vol 2, no 3: Neoclassical Man and Dynamic Uncertainty Woman: A dynamic economic gaze heuristic, by Cameron Murray. Why is dynamics more appropriate to economics than the statics preferred by the Neoclassical mainstream? One answer is that it better describes what real world economic actors actually do, particularly in the context of uncertainty. In this article, I want to show that, due to uncertainty, human behaviour is dynamic and differs radically from the homo economicus behavioural assumptions almost universally applied in economic analysis. Further, such behaviour can be identified as the mechanism which connects price and investment dynamics in economic systems.
vol 2, no 2: The Oil Price Collapse: An Endogenous Shock, by Alan Harvey. It has been flying chickens in the barnyard on Wall Street for two months now, as falling oil prices came out of the sky like a redtail hawk, scattering analysts and leaving investors concerned, confused and clucking. As with Great Financial Crisis, the unexpected has quickly been labeled “exogenous.”... Instead, the oil price crash is best seen as what we are going to call an “endogenous shock” – a violent event not expected by the mainstream, nor explained by its model. Like the debt bubble that expired in 2008, the oil and commodities decline was wholly predictable in nature if not in timing.
vol 2, no 1: Reforming Economics: A Response to Karl Whelan, by Unlearning Economics. Karl Whelan (“Thoughts on Teaching Economics After the Crash”) has a thoughtful comment on the debate over pluralism and economics education.... I appreciate his honest engagement with the project and agree with a fair amount of what he says. Nevertheless, I think his piece is also characterised by some common misconceptions about heterodox economics and pluralism in economics education which need correcting. I will also note, as I do throughout, that Whelan has been more than ready to acknowledge the shortcomings of his piece. But this should not mean those shortcomings are not worth exploring in further depth.
vol 1, no 8: Action at the AEA in January, by Keith Harrington, Adbusters, Kickitover.Org. As the largest annual gathering of economists in the U.S., and a magnet for media attention, the AEA conference in Boston the first week of January is the perfect location to light brush fires in people’s minds, stoke debate, and inspire new flare ups of campus activism. PLUS: Economics Education: Soft-CORE Reforms or Radical Pluralism? Aside from outright repression, one of the most predictable establishment responses to a revolutionary challenge is an effort at co-optation. Without ceding any real power, authorities respond to discontent by offering mild reforms couched in the language of opposition movements. ...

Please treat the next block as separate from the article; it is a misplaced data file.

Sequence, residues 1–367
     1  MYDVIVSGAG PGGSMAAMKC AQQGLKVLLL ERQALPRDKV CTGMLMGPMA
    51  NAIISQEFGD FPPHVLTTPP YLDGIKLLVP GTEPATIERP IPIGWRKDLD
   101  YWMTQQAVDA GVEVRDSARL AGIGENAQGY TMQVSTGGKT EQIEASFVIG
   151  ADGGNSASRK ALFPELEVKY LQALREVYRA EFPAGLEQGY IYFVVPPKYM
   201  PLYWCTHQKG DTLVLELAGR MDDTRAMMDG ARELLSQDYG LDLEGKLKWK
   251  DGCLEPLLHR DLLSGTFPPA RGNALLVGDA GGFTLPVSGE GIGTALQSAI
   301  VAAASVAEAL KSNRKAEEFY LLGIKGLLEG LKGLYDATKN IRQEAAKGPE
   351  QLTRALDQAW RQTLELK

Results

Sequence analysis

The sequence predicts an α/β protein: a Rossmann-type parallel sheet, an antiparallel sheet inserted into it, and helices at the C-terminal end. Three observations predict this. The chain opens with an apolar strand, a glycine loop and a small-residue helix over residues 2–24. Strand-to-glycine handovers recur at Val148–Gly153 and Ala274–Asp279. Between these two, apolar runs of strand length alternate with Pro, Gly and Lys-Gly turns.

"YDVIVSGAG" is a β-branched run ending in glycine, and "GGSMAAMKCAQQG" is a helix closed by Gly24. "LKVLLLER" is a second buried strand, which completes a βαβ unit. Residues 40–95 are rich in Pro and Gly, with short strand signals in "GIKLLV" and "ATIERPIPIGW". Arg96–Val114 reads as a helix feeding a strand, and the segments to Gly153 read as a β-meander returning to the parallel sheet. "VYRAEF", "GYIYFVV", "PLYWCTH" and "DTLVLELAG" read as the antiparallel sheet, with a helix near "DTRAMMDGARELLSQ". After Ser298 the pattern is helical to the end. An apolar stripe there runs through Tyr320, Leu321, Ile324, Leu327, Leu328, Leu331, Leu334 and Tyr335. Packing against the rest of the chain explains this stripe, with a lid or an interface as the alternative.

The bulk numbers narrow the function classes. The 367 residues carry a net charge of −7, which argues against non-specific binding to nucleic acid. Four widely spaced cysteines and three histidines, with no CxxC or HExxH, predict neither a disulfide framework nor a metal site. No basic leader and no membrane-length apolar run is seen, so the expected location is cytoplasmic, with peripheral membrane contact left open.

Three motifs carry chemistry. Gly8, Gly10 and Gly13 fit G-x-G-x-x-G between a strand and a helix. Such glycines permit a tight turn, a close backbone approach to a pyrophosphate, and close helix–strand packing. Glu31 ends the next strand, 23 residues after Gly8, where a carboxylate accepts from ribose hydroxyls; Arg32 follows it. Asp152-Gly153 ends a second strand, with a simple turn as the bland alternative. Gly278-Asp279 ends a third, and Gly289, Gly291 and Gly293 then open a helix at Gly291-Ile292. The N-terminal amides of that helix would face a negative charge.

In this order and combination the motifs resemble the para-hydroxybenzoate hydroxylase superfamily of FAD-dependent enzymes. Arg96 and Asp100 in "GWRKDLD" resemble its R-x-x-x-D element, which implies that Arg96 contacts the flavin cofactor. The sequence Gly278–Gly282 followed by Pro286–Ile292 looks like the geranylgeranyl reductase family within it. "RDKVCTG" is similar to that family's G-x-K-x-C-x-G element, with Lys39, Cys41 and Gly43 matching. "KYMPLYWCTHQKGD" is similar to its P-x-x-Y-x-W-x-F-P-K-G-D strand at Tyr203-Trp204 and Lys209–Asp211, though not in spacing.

vol 1, no 7: Superiority or Elitism? The Standing of Economics in the Social Sicences, A Summary Review. A new study finds that, compared to other social scientists, economists consider themselves elites, smarter than others, not needing to explore outside their discipline, worthy of being listened to first when it comes time to fix things; and this view may actually be accepted those other social scientists, who place themselves and their disciplines at the fringe looking in. Other findings suggest that a dominant view, or party line, is more widely shared within Economics than in other social sciences. It is enforced by a more strict hierarchy and by a narrower control group, associated with elite institutions. Prestige and compensation may ratify economists’ standing in the profession as much as competence or demonstrable results.
vol 1, no 6: Rebuilding Economics, Three Steps to Clearing the Ground, Unlearning Economics. ... But economists have shown that if you start with some not-too-unreasonable assumptions about human behaviour, then you can derive relationships that are functionally equivalent to maximising behaviour. Thus the names of the theories and their pop interpretation should not be taken too literally, as these are not the criteria on which the theories stand or fall. Unfortunately ‘not-too-unreasonable’ is not the same as ‘correct’. I believe that three relatively simple violations in the core assumptions of standard Walrasian theory prevent it from being a workable model of individual behaviour.
vol 1, no 5: Structuring the unstructured: A pluralist economics mud map, Cameron Murray. ... organising the jumbled schools of economic thought into a coherent pluralist curriculum faces both a social and a technical challenge. These two challenges go hand in hand to some degree, since the teaching within any discipline largely reflects the sociology of its practitioners. Social conventions are reflected in teaching, and teaching reinforces those social conventions.